Might as well do all of the above! 😉

Doing a Similar Analysis to What Google Does…

One of the best things you can do with these capabilities is to try and implements on a smaller and simpler scale, some of the technology that the search engines are utilizing.

For example, we can replicate some of the methodology depicted in this Google patent about “word relationships and document rankings (good blog post format summary).

Let’s walk through it a bit.

“Perform a query at Google for a term such as “mockingbird” and take the top 1,000 or so documents that appear in the search results responding to that search.”

Google uses the top 1,000 results for it’s analysis. We will do a simplified version and use the methodology depicted earlier to find the top 10 results for the query “mockingbird”. We’ll reduce them to plain text using the BoilerPipe set-up I’ve discussed.

“Extract most of the terms from those documents after marking where they appear on the page, and calculate scores for each of the words based upon things such has how many times they occur in a document,…”

Use the term frequency node.

“…and how close to the beginning of the document they might be.”

I didn’t touch upon this previously, but you can either choose to ignore this or you can create a system using the “String Manipulation” node and the indexOf() function built into it.

“Perform a capitalization analysis and a part of speech analysis to determine if the terms might be nouns, proper nouns, named entities, or even nuggets of information such as sentences. These might be scored higher than verbs or other types of terms within the document. Other types of analysis might also be used to determine if a term is a named entity.”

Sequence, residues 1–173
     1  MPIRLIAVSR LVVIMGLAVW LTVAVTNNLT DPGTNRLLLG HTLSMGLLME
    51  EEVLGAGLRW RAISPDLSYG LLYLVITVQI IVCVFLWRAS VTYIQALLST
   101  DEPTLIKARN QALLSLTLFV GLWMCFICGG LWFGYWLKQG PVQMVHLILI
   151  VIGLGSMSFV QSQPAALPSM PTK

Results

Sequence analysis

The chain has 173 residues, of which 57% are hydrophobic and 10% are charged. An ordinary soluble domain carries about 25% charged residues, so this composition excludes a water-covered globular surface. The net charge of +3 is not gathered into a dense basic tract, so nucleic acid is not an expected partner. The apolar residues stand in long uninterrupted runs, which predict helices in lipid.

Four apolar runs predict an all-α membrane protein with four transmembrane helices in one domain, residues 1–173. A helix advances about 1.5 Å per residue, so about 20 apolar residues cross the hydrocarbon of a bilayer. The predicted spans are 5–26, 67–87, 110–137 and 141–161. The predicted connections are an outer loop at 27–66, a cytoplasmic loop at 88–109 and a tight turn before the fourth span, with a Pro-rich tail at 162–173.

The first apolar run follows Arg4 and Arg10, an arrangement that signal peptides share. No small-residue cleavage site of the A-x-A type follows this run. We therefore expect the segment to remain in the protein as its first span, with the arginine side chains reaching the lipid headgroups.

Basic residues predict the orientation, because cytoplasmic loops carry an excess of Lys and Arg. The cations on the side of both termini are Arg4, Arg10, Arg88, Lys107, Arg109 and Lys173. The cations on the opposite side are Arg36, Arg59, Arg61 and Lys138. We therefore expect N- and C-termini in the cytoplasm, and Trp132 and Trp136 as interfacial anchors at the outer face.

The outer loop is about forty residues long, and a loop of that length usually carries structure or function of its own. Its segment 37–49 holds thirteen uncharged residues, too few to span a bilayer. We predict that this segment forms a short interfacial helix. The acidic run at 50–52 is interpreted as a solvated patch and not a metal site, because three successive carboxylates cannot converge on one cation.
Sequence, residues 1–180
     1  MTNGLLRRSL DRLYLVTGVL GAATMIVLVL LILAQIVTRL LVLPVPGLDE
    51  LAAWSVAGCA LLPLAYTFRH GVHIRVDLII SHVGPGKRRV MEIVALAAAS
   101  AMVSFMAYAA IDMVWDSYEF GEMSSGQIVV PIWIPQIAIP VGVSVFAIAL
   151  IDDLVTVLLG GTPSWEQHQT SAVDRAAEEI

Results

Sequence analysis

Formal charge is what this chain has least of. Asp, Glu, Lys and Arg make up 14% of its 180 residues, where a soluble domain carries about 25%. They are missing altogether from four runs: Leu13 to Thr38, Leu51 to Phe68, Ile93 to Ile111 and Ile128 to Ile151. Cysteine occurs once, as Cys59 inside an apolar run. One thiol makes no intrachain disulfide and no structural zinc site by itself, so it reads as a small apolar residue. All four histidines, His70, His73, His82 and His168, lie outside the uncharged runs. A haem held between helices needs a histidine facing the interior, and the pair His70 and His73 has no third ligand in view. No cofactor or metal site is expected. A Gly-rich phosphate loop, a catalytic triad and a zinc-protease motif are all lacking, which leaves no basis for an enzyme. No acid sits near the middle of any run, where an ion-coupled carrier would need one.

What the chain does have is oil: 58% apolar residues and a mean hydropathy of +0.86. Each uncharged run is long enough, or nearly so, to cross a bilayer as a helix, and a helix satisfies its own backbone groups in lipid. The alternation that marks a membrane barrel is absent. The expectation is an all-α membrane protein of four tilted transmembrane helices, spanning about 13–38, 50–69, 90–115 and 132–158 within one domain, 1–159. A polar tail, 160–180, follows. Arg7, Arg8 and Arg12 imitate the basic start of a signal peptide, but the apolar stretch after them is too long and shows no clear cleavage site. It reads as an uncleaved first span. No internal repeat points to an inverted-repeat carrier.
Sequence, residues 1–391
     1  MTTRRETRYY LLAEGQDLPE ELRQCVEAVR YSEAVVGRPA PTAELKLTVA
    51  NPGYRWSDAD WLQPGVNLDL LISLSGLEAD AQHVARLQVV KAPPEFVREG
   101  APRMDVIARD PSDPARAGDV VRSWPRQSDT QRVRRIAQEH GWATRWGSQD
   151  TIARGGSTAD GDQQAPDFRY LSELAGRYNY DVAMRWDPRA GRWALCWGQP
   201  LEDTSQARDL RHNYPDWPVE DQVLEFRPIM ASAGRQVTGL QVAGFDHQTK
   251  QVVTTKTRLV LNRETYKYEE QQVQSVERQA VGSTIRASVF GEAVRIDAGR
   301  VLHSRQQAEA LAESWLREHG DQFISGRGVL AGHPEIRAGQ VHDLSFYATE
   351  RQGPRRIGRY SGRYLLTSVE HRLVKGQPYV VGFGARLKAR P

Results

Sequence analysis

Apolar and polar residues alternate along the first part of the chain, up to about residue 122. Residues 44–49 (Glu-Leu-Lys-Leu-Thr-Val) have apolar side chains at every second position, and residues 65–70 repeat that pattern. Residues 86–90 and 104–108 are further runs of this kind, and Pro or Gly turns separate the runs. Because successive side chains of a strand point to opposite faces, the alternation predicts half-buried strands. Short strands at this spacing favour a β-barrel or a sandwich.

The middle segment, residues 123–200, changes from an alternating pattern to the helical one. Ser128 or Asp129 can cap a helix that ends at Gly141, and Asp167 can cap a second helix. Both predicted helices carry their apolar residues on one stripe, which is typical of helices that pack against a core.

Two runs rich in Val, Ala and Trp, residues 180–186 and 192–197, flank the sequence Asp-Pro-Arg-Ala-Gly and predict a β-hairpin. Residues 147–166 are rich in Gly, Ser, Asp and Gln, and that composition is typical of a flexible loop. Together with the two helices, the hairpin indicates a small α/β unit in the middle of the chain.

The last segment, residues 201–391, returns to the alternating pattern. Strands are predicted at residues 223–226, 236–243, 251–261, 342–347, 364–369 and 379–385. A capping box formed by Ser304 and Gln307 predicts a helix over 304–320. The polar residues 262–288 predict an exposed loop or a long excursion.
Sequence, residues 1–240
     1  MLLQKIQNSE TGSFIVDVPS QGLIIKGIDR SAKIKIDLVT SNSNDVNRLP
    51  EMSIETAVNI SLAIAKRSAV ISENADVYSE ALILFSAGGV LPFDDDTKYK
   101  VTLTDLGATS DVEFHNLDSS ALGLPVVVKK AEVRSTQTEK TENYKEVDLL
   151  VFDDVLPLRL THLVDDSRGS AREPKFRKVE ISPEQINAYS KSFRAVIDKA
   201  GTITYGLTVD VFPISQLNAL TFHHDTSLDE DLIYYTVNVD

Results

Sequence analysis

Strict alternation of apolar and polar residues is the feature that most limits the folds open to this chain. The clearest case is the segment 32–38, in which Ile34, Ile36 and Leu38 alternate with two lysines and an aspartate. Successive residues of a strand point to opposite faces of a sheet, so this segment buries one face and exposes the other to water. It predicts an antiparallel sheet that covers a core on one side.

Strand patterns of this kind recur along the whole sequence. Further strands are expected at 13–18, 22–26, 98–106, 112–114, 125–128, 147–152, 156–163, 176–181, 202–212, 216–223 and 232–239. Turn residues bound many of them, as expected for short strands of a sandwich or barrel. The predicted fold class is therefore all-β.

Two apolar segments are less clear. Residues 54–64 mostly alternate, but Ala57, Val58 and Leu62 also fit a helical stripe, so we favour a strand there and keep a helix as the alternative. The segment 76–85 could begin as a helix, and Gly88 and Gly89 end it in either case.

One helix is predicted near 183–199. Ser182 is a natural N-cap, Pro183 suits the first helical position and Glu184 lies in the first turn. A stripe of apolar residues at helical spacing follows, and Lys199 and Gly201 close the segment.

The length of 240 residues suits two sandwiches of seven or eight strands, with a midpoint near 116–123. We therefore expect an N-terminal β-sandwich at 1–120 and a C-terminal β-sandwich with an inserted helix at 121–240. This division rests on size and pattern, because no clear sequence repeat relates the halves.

Use the POS Tagger and the OpenNLP NE tagger (maybe also AlchemyAPI). Use some Text Processing filters to isolate the nouns and entities.

“Filter out the terms that tend to appear pretty commonly on the Web using something like a term frequency–inverse document frequency (TFIDF) score for those documents to see which terms are common. The top 20 or so terms that are above a certain threshold based upon the TFIDF analysis might be kept for a document, and the rest eliminated. These remaining terms are the most significant terms in the document.”

Calculate TF-IDF on the terms you’ve filtered out and then filter it out some more based on a value threshold. You can use the Rule Base Row Filter or Row Filter to accomplish this.

“Then calculate relationships scores for the terms left over in each document. Words that interact in a document by being in close proximity to each other are said to have a relationship. A close proximity might be seen if the words appear in the same sentence, or the same paragraph, or within a certain number of sentences from each other. These are local term relationships. If one of the remaining terms has no local term relationships with any of the other terms, it is disregarded.”

Use the term co-occurence counter to node to calculate co-occurences. Use multiple instances of the node, performing a co-occurence at different levels such as the sentence, neighborhood, or document levels. These can be configured within the node.

Use the row filters to filter to certain co-occurence threshold.